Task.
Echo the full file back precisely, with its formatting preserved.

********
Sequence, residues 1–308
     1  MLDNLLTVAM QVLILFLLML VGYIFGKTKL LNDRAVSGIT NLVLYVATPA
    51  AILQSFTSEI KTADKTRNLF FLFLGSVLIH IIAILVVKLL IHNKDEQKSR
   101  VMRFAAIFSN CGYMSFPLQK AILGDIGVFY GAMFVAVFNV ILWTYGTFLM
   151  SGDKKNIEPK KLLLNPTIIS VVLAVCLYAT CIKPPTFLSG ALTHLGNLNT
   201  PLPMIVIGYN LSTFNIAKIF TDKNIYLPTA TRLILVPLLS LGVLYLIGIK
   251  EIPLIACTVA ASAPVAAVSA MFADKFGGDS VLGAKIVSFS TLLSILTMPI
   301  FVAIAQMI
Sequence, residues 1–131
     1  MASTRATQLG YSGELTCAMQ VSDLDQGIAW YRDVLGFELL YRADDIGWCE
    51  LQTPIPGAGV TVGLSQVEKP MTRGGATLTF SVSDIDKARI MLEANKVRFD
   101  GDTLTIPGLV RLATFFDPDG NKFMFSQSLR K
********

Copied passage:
Sequence, residues 1–308
     1  MLDNLLTVAM QVLILFLLML VGYIFGKTKL LNDRAVSGIT NLVLYVATPA
    51  AILQSFTSEI KTADKTRNLF FLFLGSVLIH IIAILVVKLL IHNKDEQKSR
   101  VMRFAAIFSN CGYMSFPLQK AILGDIGVFY GAMFVAVFNV ILWTYGTFLM
   151  SGDKKNIEPK KLLLNPTIIS VVLAVCLYAT CIKPPTFLSG ALTHLGNLNT
   201  PLPMIVIGYN LSTFNIAKIF TDKNIYLPTA TRLILVPLLS LGVLYLIGIK
   251  EIPLIACTVA ASAPVAAVSA MFADKFGGDS VLGAKIVSFS TLLSILTMPI
   301  FVAIAQMI
Sequence, residues 1–131
     1  MASTRATQLG YSGELTCAMQ VSDLDQGIAW YRDVLGFELL YRADDIGWCE
    51  LQTPIPGAGV TVGLSQVEKP MTRGGATLTF SVSDIDKARI MLEANKVRFD
   101  GDTLTIPGLV RLATFFDPDG NKFMFSQSLR K